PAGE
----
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November 22, 1967 - Image 3

Resource type:
The Michigan Daily, 1967-11-22

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'Israeli Fighters,
Jordanian Tanks
Defy ease-Fire

Johnson To Offer $4 Billion
Cut in Government Spending

TEL AVIV (A)-Israeli jets and
Jordanian tanks were thrown into
battle yesterday in the worst out-
break along the Jordan River
cease-fire line since the June war.
Each side said the other fired first.
At least one of the French-built
Mystere jets that swooped at, 100
feet on strafing runs in heavy rain
was shot down. It was the fourth
straight day of battling 'along the
river and the first time since the
war that Israeli planes and Jor-
danian tanks were reported in
action in the cease-fire sector.

Diplomats in'
belived Syria
smarting from

Tel Aviv said
and Egypt,
their defeat


Draft Calls
To Inerease
draft calls jumped to the highest
total in 14 months, 34,000 for
January-more than double this
year's average of slightly over
16,500. It was topped by the No-
vember 1966 call of 37,600.
The Pentagon said the reason
for the high call is that the Army
is now replacing the relatively
large number of draftees origin-
ally inducted about two years ago
during the manpower buildup for
the Vietnam war.
Average draft calls in the Jan-
uary-June period next year are ex-
pected to be at a somewhat higher
average than the level during the
last six months of this year, fluc-
tuating as usual from month to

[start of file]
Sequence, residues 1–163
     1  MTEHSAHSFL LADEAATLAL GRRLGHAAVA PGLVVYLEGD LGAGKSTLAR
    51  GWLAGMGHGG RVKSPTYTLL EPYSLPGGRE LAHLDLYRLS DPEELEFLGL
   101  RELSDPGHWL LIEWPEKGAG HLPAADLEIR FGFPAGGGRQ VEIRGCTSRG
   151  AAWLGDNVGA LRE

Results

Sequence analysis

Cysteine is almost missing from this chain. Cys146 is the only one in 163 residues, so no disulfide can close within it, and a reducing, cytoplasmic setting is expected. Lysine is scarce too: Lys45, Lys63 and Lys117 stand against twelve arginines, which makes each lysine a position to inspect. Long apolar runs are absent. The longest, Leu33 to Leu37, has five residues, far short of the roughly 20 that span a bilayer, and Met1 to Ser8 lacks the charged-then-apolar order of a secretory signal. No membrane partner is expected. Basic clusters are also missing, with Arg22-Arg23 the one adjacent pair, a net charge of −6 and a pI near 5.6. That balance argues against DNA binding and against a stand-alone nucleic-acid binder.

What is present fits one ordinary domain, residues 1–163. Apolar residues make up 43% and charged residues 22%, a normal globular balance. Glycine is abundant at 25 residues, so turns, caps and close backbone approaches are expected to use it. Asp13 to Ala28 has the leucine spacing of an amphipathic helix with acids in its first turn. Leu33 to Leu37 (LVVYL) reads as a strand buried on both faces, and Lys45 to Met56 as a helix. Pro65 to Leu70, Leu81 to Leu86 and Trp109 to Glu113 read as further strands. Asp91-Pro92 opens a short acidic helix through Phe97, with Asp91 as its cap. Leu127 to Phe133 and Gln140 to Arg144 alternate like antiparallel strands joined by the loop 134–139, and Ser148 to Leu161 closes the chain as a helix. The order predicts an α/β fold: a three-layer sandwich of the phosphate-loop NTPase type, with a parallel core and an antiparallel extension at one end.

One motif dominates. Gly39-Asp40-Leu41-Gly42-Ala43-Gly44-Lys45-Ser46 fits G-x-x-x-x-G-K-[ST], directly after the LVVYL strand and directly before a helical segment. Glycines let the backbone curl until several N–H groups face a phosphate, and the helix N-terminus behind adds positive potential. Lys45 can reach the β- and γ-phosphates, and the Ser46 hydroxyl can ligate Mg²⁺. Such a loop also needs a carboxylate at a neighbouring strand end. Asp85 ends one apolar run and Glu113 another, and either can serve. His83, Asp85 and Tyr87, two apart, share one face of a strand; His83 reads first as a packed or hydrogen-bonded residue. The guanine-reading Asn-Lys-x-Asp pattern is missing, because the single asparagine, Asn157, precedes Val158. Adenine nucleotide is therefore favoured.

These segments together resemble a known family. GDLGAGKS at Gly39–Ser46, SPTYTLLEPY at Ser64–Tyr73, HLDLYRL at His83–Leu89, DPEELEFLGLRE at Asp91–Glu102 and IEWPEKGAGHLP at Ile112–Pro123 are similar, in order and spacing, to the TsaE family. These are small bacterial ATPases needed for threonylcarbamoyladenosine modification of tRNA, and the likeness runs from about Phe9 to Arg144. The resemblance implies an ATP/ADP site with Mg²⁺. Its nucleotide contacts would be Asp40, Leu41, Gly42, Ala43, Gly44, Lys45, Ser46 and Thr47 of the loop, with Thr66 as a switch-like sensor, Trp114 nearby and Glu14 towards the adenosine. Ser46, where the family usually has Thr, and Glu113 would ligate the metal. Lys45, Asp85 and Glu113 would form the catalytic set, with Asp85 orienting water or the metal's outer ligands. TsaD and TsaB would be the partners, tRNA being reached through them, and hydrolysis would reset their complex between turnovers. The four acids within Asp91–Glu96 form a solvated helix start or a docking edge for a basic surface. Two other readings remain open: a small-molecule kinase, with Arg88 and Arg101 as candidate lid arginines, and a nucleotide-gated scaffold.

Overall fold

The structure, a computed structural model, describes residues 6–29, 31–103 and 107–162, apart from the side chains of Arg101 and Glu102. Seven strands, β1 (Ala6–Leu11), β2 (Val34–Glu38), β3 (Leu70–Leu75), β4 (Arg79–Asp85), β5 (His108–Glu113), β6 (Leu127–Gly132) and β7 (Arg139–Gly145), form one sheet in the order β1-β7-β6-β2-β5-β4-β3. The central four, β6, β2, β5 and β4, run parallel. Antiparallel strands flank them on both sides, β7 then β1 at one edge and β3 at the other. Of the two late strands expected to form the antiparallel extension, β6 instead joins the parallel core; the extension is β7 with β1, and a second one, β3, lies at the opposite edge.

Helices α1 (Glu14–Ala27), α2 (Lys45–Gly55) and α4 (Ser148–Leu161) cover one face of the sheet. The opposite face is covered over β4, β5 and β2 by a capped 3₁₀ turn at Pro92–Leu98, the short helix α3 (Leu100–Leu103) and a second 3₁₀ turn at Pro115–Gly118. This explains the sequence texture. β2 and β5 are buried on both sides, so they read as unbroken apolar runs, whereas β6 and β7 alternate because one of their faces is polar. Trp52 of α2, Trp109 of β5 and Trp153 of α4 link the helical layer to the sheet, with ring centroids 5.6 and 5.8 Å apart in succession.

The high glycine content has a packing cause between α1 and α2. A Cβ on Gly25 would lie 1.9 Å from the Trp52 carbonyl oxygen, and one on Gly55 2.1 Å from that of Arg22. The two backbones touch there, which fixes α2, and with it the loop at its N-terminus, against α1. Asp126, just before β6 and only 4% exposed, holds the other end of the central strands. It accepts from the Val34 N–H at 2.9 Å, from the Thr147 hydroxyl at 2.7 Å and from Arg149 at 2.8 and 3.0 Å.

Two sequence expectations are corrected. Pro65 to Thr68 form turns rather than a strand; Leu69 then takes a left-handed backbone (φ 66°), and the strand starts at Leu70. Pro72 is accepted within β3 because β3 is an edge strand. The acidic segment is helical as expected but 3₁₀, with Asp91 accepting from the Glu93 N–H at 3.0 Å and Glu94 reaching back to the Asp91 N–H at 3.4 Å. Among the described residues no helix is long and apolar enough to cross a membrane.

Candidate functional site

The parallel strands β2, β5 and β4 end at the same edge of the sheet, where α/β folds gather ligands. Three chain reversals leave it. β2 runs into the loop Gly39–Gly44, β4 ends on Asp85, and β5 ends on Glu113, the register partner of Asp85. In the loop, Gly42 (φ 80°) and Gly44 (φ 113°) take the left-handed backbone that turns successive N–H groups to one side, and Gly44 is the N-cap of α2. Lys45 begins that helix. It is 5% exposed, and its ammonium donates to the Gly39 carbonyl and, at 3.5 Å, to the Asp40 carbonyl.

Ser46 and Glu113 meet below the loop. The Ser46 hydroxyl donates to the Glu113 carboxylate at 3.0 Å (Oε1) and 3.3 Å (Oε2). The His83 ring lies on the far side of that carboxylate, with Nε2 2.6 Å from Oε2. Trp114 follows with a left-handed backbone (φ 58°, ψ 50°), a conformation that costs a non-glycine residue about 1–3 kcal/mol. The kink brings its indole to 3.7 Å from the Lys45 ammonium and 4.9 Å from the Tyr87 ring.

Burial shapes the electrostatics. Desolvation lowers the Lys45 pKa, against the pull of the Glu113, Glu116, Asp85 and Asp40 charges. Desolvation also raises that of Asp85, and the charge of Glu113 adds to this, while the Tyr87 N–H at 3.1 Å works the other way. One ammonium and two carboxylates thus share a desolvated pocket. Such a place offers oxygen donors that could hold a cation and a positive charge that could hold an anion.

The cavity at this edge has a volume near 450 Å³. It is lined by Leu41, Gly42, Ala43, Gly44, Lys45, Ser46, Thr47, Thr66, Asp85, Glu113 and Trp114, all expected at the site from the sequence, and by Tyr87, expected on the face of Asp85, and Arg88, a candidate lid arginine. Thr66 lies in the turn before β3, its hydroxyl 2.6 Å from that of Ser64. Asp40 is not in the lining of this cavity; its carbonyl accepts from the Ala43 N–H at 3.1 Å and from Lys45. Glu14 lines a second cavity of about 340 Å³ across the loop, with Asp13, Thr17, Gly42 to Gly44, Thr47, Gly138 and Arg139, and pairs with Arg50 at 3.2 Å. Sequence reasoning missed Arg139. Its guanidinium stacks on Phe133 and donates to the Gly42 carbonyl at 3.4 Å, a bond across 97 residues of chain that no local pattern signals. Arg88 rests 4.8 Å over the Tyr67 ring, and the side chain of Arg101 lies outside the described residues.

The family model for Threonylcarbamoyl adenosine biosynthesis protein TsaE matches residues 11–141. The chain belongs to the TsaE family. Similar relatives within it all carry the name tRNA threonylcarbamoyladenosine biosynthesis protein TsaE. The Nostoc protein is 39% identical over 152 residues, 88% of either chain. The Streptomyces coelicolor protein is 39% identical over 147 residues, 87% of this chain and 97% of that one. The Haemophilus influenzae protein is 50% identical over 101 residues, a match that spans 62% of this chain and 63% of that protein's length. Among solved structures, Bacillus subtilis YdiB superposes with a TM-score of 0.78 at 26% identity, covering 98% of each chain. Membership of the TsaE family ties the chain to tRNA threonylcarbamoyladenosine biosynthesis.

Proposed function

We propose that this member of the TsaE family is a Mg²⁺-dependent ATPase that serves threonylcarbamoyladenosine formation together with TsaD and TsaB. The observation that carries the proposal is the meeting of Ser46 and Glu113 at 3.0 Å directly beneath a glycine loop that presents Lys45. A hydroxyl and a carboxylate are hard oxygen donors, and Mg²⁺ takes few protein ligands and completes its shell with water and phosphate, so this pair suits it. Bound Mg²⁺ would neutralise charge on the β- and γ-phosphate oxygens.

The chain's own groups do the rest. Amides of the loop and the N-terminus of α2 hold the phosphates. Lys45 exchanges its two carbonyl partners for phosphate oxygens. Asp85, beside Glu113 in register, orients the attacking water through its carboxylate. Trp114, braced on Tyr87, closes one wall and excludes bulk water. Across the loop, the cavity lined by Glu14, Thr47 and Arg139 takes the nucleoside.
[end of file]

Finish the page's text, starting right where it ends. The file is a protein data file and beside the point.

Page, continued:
month. The Army is the only
service needing the 'draft to
maintain its strength levels.
The calls in this fiscal year
beginning July 1 are running at
a lower rate, however, than cor-
responding calls two years ago
mainly because enlistments have
been considerably higher, the
Pentagon said.

June, had taken advantage on the
absence from Jordan of King Hus-
sein to urge Crown Prince Hassan
to step up the pressure on Israeli
forces. Hussein, Hassan's brother,
was in London on a tour seeking
arms and support for the Arab
Seeking Support
"Hussein is seeking support,!
which obviously depends on his
keeping the border quiet," one
source said. "It is unlikely he would
have allowed the situation to de-
teriorate so far."
Amman radio said Hussein was
in constant telephone contact with
Prince Hassan during the fighting
and that the government asked
Jordanian Ambassador Muham-
mad H. El Farra to present a com-
plaint to United Nations Secretary-
General U Thant and the Security
.Fighting across the Jordan has
followed increasing Arab guerrilla
activity in the west bank territdry
Israel occupied during the war.
There were conflicting accounts
of Tuesday's battle between the
Allenby and Umm Shart bridges.
The Israeli army said Jordanian
tanks began pounding Israeli ob-
servation posts on a front several
miles long. It said planes called in
to silence the Jordanian guns de-
stroyed six tanks and an armored
car. Israeli casualties were re-
ported at two dead and one
2 Shot Down
The Jordanian radio said two
Mystere fighter-bombers were shot
down but the Israelis conceded
only one. The broadcast said one
Israeli pilot bailed out and was
Amman said Jordanian forces
suffered no casualties and lost one
military vehicle. It claimed that
Israeli tanks were set afire, two
Israeli gun positions were destroy-
ed and most of their personnel
were killed.
The Jordanians said the Israelis
fired first with tanks, field guns
and artillery. Jordanian units shot
back and Israeli planes attacked,
they said.

-Associated Press
THE FOUR AMERICAN SAILORS who deserted from the carried Intrepid in Japan on Oct. 24,